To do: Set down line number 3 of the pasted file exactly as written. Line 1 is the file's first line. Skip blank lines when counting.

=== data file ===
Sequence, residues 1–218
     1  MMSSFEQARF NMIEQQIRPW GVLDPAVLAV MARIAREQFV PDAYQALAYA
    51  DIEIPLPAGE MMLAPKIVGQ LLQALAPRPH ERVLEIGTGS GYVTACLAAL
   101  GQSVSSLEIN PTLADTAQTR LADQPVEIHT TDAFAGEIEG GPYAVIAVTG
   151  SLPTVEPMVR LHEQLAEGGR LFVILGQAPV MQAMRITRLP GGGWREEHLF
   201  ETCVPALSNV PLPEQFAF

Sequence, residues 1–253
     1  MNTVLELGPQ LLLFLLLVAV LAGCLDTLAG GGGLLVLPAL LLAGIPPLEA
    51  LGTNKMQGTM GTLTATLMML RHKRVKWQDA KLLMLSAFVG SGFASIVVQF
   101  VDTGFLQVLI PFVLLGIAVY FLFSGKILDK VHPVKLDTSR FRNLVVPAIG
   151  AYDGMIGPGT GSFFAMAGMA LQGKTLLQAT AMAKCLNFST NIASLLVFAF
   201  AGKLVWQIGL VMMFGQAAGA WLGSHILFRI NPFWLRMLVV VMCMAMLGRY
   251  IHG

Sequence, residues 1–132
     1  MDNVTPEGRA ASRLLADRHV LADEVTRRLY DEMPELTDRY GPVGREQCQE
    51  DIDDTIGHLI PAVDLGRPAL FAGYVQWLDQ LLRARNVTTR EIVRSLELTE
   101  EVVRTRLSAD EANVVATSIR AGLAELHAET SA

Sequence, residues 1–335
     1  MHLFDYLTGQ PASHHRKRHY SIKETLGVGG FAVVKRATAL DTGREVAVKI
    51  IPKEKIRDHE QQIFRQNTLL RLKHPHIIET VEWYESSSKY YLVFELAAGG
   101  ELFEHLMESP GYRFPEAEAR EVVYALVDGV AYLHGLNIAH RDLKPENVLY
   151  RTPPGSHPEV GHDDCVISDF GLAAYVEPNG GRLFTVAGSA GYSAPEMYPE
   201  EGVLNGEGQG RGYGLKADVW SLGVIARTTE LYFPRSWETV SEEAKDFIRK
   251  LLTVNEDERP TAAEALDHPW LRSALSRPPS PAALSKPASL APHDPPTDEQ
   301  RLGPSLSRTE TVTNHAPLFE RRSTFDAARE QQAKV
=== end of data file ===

    51  DIEIPLPAGE MMLAPKIVGQ LLQALAPRPH ERVLEIGTGS GYVTACLAAL